He fell from the ninth floor
He hanged himself
He slipped on a piece of soap while washing
He hanged himself
He slipped on a piece of soap while washing
He fell from the ninth floor
He hanged himself while washing
He slipped from the ninth floor
He hung from the ninth floor
He slipped on the ninth floor while washing
He fell from a piece of soap while slipping
He hung from the ninth floor
He washed from the ninth floor while slipping
He hung from a piece of soap while washing.

Behind the so-called suicides and accidental deaths to which Mr. van Wyk alludes here, behind the cursory post-mortems by Government functionaries, the bland, unlikely inquest findings, lie the realities of fear, exhaustion, pain, cruelty. Mr. van Wyk’s poem plays with fire, tap-dances at the portals of hell. It comes off because it is not a poem about death but a parody of the barely serious stock of explanations that the security police keep on hand for the news media.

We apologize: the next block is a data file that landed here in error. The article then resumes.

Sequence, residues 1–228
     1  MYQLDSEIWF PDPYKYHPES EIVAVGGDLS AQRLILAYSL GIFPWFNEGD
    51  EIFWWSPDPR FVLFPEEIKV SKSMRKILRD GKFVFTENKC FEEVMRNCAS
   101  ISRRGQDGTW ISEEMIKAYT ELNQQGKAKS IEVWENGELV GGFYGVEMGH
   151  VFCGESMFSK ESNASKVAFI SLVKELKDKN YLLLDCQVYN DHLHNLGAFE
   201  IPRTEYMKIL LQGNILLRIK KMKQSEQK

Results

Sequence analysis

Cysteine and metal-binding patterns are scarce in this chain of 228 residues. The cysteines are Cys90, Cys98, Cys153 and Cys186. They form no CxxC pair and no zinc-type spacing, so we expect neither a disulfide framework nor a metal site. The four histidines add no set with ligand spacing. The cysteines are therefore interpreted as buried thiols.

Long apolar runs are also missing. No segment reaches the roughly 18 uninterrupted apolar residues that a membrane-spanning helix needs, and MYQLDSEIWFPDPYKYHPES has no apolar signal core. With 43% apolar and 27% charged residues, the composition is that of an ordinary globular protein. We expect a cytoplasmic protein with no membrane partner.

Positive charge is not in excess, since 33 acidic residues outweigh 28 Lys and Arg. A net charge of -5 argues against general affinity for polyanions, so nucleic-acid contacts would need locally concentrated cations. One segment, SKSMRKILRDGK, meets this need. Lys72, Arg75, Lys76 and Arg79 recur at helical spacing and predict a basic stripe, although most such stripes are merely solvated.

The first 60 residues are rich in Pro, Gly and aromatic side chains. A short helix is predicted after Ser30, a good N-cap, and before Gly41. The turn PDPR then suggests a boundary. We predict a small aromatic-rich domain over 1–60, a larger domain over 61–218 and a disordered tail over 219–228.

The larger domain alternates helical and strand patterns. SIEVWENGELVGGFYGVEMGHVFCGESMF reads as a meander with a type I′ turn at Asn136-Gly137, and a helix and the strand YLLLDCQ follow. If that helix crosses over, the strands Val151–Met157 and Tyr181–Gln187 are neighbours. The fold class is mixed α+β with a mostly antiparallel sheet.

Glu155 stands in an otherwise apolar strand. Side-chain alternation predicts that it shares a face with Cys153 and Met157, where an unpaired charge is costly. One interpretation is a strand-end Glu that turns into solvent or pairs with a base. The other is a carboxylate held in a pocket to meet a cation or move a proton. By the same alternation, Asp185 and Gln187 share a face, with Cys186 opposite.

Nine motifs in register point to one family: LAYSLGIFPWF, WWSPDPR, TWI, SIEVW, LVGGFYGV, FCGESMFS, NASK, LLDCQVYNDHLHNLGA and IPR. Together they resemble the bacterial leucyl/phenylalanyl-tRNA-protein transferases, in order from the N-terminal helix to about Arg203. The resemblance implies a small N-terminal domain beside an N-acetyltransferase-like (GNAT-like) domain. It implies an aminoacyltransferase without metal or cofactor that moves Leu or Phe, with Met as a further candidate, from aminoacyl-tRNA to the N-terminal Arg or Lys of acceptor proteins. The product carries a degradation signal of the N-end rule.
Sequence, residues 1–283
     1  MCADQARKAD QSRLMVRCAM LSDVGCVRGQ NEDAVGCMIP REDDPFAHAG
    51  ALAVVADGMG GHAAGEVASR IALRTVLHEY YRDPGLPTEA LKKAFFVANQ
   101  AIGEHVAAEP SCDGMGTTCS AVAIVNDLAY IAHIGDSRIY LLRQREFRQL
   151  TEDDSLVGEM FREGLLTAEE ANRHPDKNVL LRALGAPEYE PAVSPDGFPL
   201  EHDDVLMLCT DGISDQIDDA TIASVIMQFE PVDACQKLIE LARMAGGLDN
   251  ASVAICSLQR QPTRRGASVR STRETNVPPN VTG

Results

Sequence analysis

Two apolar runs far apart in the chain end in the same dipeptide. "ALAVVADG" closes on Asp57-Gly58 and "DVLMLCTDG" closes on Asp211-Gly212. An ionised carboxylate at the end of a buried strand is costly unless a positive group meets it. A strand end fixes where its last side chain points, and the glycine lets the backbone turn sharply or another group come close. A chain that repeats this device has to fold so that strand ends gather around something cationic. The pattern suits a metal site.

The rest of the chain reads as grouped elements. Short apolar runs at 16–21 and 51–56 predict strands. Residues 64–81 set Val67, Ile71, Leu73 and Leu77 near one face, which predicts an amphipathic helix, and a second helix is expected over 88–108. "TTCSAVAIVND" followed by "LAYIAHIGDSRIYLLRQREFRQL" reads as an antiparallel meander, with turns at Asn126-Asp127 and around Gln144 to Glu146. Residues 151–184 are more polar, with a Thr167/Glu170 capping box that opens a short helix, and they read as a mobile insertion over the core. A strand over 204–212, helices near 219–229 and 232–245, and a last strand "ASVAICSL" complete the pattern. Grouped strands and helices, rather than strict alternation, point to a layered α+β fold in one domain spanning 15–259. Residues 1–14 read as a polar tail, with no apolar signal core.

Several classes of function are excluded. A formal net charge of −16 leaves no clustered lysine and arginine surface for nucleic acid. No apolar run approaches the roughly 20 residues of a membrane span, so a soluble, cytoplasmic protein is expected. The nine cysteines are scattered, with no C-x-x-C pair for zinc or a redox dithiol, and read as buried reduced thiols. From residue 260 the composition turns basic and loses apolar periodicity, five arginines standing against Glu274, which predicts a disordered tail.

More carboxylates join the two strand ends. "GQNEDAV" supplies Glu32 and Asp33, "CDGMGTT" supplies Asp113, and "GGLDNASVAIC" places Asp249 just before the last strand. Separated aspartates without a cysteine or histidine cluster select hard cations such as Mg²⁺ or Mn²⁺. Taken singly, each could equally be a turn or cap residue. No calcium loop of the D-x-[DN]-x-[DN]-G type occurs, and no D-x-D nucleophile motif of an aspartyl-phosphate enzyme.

Some years ago I wrote a novel, ”Waiting for the Barbarians,” about the impact of the torture chamber on the life of a man of conscience. Torture has exerted a dark fascination on many other South African writers. Why should this be so? There are, it seems to me, two reasons. The first is that relations in the torture room provide a metaphor, bare and extreme, for relations between authoritarianism and its victims. In the torture room, unlimited force is exerted upon the physical being of an individual in a twilight of legal illegality, with the purpose, if not of destroying him, then at least of destroying the kernel of resistance within him.